TOM’S KITCHEN: GOODBYE MR TOM
If someone asks me what the worst meals I have ever eaten were, as they often do, it is not very hard to come up with a list.
In at No5, The, unlamented Food Room in Battersea, which was like, I imagine, eating in a neighbourhood restaurant in Birmingham in the late 70’s but without the glamour.
At No4, St Germain, a meal so ridiculously awful that I still shudder when I think of the bowl of “potted shrimp” that turned out to be frozen prawns in melted butter.
At No3, Chintamani, a horrifyingly ill judged attempt to create a high end Ottoman experience by serving gloop and putting a man in a fez on the door.
At No2, Gordon Ramsay at Claridges which separated DH from over £350 for a meal which included a floor show comprising of one of “Gordo” mates shouting “c**t” at the top of his lungs at the next table throughout the meal.
At No1, wait for it.
Restaurant Tom Aikens.
Singly the worst experience I have ever had in a London dining establishment. Flavourless, ugly food served on plates that looked like car wrecks in a room where all good humour had been sucked out of the air by the front of house (his ex wife, I believe) So bad was the meal that, as my companion and I slunk out, we looked in pity at another couple examining their food and could not tell if the course in front of them was a starter, main course or dessert. Words cannot sum up the misery of that meal, but I think I described it at the time as the same as coming home and finding your grandfather prancing around in a lacy teddy.
Move on three or so years and the pain of that night had dimmed a bit. HP had taken the day off work and suggested we walk across town to Tom Aikens’ new fish and chip place called Tom’s Place. The dreadful name did not bother me so much it does, after all join a long and glorious line of chip shops with pun name like “Just for the Halibut” and “Rock & Sole Plaice” but it did reawaken the dread of experiencing a meal like my last at RTA.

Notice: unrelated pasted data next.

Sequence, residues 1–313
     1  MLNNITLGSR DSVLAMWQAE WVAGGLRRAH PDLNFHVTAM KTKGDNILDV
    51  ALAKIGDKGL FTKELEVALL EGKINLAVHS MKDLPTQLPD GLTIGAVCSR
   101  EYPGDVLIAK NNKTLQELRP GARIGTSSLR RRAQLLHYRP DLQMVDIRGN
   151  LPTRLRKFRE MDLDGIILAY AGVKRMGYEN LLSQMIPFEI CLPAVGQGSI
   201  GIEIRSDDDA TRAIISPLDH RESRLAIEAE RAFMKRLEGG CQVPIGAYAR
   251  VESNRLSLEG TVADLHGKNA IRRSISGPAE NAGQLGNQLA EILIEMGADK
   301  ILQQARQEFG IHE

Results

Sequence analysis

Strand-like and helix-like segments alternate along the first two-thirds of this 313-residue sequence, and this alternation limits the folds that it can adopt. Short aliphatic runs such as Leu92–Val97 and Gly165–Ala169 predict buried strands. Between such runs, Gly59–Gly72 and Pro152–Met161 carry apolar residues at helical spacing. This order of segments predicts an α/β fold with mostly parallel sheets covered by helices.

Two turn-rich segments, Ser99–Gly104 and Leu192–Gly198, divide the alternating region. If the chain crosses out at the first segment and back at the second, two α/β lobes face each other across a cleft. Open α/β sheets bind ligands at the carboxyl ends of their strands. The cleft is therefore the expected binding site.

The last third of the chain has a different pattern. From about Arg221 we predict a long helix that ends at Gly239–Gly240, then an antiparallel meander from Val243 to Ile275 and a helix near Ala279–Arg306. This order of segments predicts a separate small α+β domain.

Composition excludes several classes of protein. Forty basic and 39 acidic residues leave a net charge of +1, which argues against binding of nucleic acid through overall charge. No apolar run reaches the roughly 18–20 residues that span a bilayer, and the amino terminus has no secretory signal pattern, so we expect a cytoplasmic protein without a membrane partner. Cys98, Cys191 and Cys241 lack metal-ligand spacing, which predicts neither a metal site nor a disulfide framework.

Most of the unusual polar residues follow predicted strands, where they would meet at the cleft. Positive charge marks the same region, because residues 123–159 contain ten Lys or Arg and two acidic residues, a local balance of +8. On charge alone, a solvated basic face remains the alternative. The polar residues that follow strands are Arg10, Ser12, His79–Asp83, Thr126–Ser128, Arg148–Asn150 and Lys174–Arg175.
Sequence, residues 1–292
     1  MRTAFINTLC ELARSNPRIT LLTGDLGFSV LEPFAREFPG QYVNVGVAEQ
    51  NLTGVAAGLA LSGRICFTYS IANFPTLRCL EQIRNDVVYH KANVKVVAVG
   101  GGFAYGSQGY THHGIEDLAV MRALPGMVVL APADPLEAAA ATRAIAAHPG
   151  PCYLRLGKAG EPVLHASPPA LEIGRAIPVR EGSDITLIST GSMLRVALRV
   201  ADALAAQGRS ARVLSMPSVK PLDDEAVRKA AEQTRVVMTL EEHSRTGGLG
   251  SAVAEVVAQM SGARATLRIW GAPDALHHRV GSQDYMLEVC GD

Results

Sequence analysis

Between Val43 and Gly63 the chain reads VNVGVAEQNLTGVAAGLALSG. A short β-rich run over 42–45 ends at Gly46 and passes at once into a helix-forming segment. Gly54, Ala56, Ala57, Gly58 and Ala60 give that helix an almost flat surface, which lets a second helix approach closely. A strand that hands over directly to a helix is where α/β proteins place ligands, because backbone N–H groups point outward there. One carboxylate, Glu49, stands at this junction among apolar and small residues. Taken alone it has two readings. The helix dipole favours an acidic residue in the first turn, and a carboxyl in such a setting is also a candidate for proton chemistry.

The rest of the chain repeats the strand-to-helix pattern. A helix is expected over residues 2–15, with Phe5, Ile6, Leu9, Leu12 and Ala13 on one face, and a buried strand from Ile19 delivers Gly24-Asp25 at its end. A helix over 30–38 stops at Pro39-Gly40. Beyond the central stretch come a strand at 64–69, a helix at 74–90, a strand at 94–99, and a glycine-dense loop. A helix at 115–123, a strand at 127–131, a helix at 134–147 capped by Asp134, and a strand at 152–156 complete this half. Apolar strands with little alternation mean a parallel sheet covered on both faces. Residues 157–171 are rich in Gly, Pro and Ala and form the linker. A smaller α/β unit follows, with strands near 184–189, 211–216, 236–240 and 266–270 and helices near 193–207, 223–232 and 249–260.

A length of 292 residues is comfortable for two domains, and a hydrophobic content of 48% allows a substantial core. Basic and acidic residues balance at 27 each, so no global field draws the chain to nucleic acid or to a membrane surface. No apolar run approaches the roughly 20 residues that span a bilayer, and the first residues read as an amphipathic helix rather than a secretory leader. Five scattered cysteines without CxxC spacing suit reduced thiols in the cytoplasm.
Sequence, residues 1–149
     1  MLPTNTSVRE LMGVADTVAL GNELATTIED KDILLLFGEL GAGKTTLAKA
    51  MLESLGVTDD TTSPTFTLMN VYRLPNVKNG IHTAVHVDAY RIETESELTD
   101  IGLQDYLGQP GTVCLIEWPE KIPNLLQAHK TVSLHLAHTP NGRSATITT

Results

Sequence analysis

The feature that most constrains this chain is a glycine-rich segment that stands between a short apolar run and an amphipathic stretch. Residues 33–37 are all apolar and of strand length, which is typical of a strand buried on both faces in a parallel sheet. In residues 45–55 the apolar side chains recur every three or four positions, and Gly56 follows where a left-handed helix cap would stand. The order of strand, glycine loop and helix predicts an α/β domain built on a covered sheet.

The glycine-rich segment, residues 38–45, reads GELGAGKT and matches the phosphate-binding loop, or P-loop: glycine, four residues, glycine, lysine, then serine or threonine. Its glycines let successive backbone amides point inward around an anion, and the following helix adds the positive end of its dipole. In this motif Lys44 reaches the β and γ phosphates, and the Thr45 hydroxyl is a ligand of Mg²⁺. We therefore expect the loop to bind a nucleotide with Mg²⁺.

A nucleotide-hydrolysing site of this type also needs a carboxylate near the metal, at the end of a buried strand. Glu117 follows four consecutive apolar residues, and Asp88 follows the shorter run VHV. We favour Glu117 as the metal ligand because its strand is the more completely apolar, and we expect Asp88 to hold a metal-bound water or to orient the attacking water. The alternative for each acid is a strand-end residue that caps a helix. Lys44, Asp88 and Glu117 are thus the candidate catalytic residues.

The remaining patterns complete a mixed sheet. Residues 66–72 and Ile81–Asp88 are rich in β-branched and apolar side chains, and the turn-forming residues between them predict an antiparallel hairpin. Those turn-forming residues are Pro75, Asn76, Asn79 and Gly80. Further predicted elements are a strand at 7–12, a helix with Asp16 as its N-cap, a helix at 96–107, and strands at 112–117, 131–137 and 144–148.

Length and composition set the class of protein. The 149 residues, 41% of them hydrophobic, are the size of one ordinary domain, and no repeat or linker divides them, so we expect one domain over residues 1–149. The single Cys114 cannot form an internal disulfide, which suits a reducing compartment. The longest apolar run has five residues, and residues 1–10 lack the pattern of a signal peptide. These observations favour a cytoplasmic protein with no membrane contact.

However, HP prevailed upon me and reminded me of my unspoken duty to try every fish & chip shop in London from high end to greasy corner joint (we do it so you don’t have to) and I agreed to join him in a cross town walk of some seven miles or so to Cale St in Chelsea.
I should not have worried, not because the meal turned out to be any good but because the, already much delayed place, turned out not to be open at all and was filled with angry looking men working in a room that looked nowhere near finished.
We hadn’t really considered a fall back position, but HP in a moment of weakness suggested Tom’s Kitchen. I had my doubts, but it was close, it looked like there was space and it was bloody freezing outside, so we ducked in.
The empty seats, it turned out were reserved but they offered us a seat at the bar area which, not having any alternatives in mind, we took. The room, is utilitarian in a “Chelsea” kind of way with communal bench seating and white tiled walls.
HP’s snort of “fuck’s sake” was the first indication of what was to come. The prices at Tom’s Kitchen are not for the faint hearted. £25 for steak and chips anyone? £16.50 for pork belly, £17.50 for pan fried lemon sole?
We had decided, if it was on the menu, that we had to have fish & chips given that it had been the purpose of the excursion in the first place. I guessed around £14.50 and, surprise, surprise, was spot on. I don’t mind the price so much. I have paid more at places like Bibendum and close to that even at The Fish Shop on St John St. This is, after all a restaurant not a chippie. But, at those prices, these need to be as good as fish & chips is ever likely to get.